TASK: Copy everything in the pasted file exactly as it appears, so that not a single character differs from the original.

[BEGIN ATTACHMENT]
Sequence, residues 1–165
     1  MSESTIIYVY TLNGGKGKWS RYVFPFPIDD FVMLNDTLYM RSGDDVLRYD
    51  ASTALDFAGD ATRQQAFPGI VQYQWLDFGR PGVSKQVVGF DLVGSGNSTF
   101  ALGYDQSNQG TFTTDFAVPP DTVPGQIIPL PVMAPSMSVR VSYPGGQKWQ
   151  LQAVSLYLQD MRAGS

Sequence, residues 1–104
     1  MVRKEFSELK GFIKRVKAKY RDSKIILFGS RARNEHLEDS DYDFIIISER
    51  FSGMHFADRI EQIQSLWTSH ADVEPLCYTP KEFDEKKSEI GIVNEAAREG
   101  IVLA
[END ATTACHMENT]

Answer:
Sequence, residues 1–165
     1  MSESTIIYVY TLNGGKGKWS RYVFPFPIDD FVMLNDTLYM RSGDDVLRYD
    51  ASTALDFAGD ATRQQAFPGI VQYQWLDFGR PGVSKQVVGF DLVGSGNSTF
   101  ALGYDQSNQG TFTTDFAVPP DTVPGQIIPL PVMAPSMSVR VSYPGGQKWQ
   151  LQAVSLYLQD MRAGS

Sequence, residues 1–104
     1  MVRKEFSELK GFIKRVKAKY RDSKIILFGS RARNEHLEDS DYDFIIISER
    51  FSGMHFADRI EQIQSLWTSH ADVEPLCYTP KEFDEKKSEI GIVNEAAREG
   101  IVLA